When Men & Affairs of Commerce
On the placid waters of this canal in the Belgian city of Ghent (1), the façades of typical buildings from the Middle Ages and the Renaissance have been reflected for centuries. Buildings that give a singular impression of architectural balance created by the harmonic contrast between their imposing, serious and solid bulk and the rich, varied and imaginative ornamentation of their façades.
What was their original use, these buildings that appear so recollected and, we could even say, so pensive? Were they residences for patricians? Or perhaps centers of study?
No. They were occupied by entities of the guilds. To the extreme right is the headquarters of the Guild of Free Boatmen; next to it sets the house of Guild of Grain Measurers adjoined by the small Customs Building, where the medieval merchants came to declare their goods. Then, the Granary and, finally, the Bricklayers Guild.
They were, then, buildings of work and business. And history tells us that in these buildings a very intense and productive activity developed.
But economic production was not yet engulfed by today’s materialist influences. For this reason, it was conducted in an ambience of calm, reflection and good taste that contrasts greatly with the feverish, agitated, inconsiderate and vulgar atmosphere that so often marks business in our days. Who today would imagine such nobleness in business structures and such good taste for the works of guilds?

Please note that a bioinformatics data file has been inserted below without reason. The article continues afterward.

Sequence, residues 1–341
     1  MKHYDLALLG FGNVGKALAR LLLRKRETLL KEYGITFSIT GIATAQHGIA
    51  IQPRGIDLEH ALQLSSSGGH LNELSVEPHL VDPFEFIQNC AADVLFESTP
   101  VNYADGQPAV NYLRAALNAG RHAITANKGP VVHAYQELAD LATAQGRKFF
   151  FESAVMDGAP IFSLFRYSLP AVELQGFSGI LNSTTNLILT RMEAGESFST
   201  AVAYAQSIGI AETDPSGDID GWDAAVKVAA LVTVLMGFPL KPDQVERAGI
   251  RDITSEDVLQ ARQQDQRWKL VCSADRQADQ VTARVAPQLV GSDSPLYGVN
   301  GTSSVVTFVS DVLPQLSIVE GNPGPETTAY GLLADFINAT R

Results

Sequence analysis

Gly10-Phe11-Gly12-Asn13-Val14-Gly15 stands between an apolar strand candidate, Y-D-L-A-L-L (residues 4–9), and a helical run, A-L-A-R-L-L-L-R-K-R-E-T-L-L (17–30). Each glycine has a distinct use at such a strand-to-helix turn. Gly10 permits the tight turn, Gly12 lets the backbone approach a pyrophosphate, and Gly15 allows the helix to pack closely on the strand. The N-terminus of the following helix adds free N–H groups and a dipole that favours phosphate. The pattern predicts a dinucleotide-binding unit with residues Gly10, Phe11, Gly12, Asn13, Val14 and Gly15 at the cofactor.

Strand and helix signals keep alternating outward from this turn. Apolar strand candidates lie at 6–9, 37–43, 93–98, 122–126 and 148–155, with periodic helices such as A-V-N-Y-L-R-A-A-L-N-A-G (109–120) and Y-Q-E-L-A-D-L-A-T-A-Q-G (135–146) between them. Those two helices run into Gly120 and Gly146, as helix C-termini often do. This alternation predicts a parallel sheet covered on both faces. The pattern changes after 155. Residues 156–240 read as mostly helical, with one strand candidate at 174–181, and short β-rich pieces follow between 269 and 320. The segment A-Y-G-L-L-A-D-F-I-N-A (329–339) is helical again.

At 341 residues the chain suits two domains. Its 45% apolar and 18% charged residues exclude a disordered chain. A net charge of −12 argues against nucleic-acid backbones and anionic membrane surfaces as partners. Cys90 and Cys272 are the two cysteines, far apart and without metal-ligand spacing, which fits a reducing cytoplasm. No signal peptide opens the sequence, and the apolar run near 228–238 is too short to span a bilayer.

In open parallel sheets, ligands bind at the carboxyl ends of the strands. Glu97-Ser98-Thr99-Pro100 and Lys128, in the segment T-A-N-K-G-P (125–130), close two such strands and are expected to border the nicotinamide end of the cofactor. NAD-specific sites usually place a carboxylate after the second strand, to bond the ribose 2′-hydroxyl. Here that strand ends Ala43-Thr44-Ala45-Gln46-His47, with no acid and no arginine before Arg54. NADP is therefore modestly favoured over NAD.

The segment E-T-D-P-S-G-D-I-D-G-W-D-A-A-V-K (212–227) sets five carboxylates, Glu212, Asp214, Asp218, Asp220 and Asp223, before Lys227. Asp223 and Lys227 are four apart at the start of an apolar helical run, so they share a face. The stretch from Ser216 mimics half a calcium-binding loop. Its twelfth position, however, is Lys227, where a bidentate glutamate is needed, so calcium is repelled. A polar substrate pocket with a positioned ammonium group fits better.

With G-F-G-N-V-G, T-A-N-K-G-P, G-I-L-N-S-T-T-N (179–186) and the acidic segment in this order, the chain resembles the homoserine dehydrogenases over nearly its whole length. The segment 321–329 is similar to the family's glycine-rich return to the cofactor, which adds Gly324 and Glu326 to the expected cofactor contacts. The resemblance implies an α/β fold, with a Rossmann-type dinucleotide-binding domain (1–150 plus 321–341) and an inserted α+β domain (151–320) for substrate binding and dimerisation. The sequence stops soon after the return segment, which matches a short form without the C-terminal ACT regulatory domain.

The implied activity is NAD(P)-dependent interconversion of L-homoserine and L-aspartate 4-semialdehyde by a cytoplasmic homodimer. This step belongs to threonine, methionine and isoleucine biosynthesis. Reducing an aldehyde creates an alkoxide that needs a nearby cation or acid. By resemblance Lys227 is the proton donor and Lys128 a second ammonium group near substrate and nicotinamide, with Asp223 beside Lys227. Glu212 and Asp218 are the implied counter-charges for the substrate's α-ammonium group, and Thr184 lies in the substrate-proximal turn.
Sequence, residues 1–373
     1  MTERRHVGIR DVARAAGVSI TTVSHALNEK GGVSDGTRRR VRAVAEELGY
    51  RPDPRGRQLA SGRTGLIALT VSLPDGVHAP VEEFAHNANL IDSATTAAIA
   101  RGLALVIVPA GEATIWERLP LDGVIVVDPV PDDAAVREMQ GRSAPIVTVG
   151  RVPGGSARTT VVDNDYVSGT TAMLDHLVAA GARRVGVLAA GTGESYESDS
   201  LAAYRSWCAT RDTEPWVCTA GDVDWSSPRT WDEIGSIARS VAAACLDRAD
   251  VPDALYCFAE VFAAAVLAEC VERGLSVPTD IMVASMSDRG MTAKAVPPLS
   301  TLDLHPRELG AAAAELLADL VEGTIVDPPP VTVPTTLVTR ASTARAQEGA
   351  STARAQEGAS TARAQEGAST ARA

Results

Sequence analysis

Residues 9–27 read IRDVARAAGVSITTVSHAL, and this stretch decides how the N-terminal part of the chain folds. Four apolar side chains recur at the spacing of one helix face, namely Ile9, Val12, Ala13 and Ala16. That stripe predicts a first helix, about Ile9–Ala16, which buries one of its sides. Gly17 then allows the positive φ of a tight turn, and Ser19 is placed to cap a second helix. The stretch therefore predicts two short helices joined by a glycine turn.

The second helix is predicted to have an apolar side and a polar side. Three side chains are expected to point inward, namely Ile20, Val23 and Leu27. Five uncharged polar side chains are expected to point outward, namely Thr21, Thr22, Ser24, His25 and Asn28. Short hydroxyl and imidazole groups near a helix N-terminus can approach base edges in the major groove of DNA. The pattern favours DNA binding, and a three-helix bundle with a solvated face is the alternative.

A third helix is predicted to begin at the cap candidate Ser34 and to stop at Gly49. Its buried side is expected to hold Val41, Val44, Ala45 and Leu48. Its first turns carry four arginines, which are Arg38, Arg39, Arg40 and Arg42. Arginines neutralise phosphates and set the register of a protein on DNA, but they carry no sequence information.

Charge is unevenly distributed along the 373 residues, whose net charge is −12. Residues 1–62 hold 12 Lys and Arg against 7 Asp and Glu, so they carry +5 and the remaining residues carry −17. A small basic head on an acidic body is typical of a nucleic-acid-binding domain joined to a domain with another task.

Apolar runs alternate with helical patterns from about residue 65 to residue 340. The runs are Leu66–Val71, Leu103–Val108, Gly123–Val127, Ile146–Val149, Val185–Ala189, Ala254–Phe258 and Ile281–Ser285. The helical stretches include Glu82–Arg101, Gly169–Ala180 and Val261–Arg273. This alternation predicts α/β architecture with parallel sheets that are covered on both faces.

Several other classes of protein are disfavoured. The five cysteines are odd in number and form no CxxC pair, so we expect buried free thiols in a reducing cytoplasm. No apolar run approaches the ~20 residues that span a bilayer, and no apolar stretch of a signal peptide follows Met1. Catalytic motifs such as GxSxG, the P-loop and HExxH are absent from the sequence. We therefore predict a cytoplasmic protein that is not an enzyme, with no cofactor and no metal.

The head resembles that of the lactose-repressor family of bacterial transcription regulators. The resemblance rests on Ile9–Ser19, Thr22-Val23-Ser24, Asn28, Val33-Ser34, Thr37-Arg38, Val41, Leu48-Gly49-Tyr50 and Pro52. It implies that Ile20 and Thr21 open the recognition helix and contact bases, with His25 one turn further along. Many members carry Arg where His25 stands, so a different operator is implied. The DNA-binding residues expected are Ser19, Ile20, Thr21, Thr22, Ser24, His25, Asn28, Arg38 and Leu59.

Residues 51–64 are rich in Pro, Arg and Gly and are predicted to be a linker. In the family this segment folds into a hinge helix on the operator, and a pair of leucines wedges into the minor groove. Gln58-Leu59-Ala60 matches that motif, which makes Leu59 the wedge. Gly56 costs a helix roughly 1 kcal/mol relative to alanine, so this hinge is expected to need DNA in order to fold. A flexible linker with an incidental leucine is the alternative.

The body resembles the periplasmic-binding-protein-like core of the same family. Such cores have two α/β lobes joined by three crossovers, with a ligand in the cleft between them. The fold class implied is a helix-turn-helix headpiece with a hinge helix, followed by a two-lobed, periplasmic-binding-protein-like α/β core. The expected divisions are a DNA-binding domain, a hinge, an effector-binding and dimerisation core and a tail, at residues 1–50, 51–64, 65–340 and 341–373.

The problem here is more one of mentality than of art. According to a spiritual perspective, the best of the human works is made by the mind. Hence, economic production gives its best – in quality as well as quantity – when it is carried out in an atmosphere of an assiduous calm and meditative recollection.
According to a materialist perspective, quantity is more than quality; the performance of the body is more than that of the mind; feverish activity is more than reflection, and nervous agitation more than authentic reasoning. Hence, from this mentality arises the agitated atmosphere that we find in certain stock markets and large modern city streets.
The over-agitation of ambiences corresponds to man as the effect to the cause. We all know the kind of businessman who chews gum or the tips of his cigars, bites his fingernails or taps the ground with his foot. He is hypertensive, prone to heart attacks and neurotic.
How different this type is from those placid, stable, dignified and prosperous bourgeois with their intelligent gazes, offered to us by Rembrandt in the admirable painting The Syndics of the Textile Merchants.
It was men like these who, despite the still uncertain and slow means of communication, established in all directions the network of their activities and laid the foundation for modern commerce. Their work, however, was carried out in tranquility and, we would almost say, in recollection. Thus, they themselves reflect the peculiar atmosphere of the old buildings that we are analyzing.
It is a fecund lesson for our poor world, increasingly ravaged by neuroses.
- The guild houses are along the Graslei on the Lys (Leie) River, Ghent.
Catolicismo n. 92, August 1958
Posted June 18, 2014